Friday, May 17, 2013

What's Left of Me by Kat Zhang

Release date: September 18, 2012
Author info: Website | Twitter | Facebook
Publisher: Harper
Pages: 343
Format: ARC
Source: ARCycling (from Montana @ The Book Belles!)
Buy the book: Barnes & Noble | Amazon | The Book Depository
I should not exist. But I do.

Eva and Addie started out the same way as everyone else—two souls woven together in one body, taking turns controlling their movements as they learned how to walk, how to sing, how to dance. But as they grew, so did the worried whispers. Why aren’t they settling? Why isn’t one of them fading? The doctors ran tests, the neighbors shied away, and their parents begged for more time. Finally Addie was pronounced healthy and Eva was declared gone. Except, she wasn’t . . .

For the past three years, Eva has clung to the remnants of her life. Only Addie knows she’s still there, trapped inside their body. Then one day, they discover there may be a way for Eva to move again. The risks are unimaginable-hybrids are considered a threat to society, so if they are caught, Addie and Eva will be locked away with the others. And yet . . . for a chance to smile, to twirl, to speak, Eva will do anything.
What's Left of Me is another one of those books that I, for whatever reason, had decided probably wasn't very good, though I wanted to read it and knew I would eventually. Honestly, I really need to get over myself because I'm always wrong! I loved this book. The concept is such an intriguing one and one that brings up a lot of great questions about what makes us human and valuable (I always enjoy books that make me think a little!) As we follow Addie and Eva, we see how they are two separate and unique entities, just stuck in the same body. We wonder how one soul could possibly be more important than the other and how anyone could wish to destroy a sentient, thoughtful being.

In a kind of alternate future, Addie and Eva are two souls living in the same body. In their world, to be born this way is normal. What's not normal is to not "settle", for one soul to not fade away. For the past three years, Eva has been living silently, watching the world around her and Addie without letting anyone but Addie know she's there. For if they did, she and Addie would be locked away to be "treated" for hybridism, a very dangerous situation. Despite their best efforts, someone finds them out and offers Eva a way to move again, to be in control. It's the biggest risk they could take, but Eva has to live again, or fade away forever.

The back of my ARC sells this as The Golden Compass meets Never Let Me Go, and I wholeheartedly agree with that! (By the way, two of my favorite books of all time. So, yeah, I needed to read this.) Both books are shocking in the best kind of way, drawing you in and making you squirm. What's Left of Me is the exact same way.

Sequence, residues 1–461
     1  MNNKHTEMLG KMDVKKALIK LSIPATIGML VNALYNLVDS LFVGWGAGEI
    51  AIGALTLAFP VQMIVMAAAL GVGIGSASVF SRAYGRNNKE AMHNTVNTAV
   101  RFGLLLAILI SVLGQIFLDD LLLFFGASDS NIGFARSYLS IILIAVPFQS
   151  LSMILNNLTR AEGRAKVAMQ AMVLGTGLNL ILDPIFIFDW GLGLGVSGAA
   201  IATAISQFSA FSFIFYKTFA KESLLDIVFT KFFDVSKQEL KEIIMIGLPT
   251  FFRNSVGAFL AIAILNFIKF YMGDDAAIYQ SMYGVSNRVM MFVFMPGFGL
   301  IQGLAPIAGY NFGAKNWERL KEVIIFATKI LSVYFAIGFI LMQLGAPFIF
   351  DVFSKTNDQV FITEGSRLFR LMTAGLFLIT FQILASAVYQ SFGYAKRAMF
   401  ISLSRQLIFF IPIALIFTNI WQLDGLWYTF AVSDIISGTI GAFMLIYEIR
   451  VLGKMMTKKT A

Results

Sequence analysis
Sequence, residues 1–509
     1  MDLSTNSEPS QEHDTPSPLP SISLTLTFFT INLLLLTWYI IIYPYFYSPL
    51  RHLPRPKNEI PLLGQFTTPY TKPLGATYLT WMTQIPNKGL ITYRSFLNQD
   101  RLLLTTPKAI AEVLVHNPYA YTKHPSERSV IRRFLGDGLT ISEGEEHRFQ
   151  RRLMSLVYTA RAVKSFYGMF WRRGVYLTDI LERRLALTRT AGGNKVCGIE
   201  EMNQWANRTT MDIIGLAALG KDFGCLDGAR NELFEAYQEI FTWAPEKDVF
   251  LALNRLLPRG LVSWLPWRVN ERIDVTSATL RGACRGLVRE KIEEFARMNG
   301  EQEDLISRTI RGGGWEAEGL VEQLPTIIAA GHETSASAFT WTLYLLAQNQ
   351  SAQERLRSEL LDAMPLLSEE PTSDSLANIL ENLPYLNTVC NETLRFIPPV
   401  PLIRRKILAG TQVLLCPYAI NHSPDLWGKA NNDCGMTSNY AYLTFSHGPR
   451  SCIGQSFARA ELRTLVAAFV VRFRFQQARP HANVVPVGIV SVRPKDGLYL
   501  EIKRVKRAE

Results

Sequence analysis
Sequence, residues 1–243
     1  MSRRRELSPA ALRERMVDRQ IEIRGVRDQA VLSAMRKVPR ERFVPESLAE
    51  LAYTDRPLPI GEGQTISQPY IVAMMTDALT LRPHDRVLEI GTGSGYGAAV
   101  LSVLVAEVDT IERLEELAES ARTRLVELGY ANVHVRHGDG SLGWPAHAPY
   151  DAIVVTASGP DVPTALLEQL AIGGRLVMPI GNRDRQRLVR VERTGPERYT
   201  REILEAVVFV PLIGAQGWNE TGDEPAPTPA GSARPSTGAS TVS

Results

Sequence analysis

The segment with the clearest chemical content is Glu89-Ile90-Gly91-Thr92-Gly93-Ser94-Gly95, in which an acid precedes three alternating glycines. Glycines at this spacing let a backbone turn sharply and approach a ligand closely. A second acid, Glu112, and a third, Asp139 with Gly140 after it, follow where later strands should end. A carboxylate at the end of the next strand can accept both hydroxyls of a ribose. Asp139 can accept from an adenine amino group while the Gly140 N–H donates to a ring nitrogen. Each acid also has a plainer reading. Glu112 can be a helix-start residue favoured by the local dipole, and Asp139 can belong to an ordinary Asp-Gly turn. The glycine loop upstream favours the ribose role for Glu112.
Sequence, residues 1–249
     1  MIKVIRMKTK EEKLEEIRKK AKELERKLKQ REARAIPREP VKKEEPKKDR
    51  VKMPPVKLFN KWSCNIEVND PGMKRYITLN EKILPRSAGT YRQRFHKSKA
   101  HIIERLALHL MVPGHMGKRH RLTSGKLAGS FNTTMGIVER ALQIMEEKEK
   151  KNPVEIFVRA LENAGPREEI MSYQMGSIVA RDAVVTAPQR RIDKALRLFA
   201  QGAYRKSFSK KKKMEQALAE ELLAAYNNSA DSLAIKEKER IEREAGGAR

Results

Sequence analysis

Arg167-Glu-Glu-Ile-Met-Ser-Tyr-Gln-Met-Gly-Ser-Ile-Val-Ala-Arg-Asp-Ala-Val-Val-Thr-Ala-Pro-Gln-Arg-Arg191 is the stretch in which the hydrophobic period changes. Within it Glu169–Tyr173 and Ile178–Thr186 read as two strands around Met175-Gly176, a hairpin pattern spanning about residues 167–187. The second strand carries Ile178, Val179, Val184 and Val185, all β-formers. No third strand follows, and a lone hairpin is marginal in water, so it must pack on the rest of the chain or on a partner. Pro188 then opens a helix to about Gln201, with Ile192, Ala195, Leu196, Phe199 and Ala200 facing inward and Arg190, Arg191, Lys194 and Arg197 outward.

I loved loved loved the relationship between Addie and Eva. Theirs is a kind of relationship we as readers have no way of truly identifying with, no background to build on, but Kat Zhang made them and their dynamic so realistic and believable that it just didn't matter. Addie and Eva fought like sisters, in many ways, but they have the distinct disadvantage of being in the same head and the same body, with no way of getting away from one another. They know each other like themselves and their personalities complement one another. I was fascinated to read their arguments and see their dependence on one another.

The only thing I have to complain about in What's Left of Me is the world-building. I did find it, at times, a little bit lacking. I've waxed poetic about how world-building is really not a big concern for me, but, for whatever reason, it was in this book. The explanations of the hybrids just weren't enough. The discussion of the state of the rest of the world just wasn't enough. All in all, I just wasn't give enough information. There weren't holes in the world-building, but I just couldn't get a firm grasp on it.

Even so, What's Left of Me is a fantastic read. Not only is it fascinating and thought-provoking, it is action-packed and a little bit romantic. You'll feel for Addie and Eva and the other hybrids and you'll be dying to know more after it's over. Luckily Once We Were, the second book, is out in September (which isn't the longest time to wait, but it's also not especially short...)

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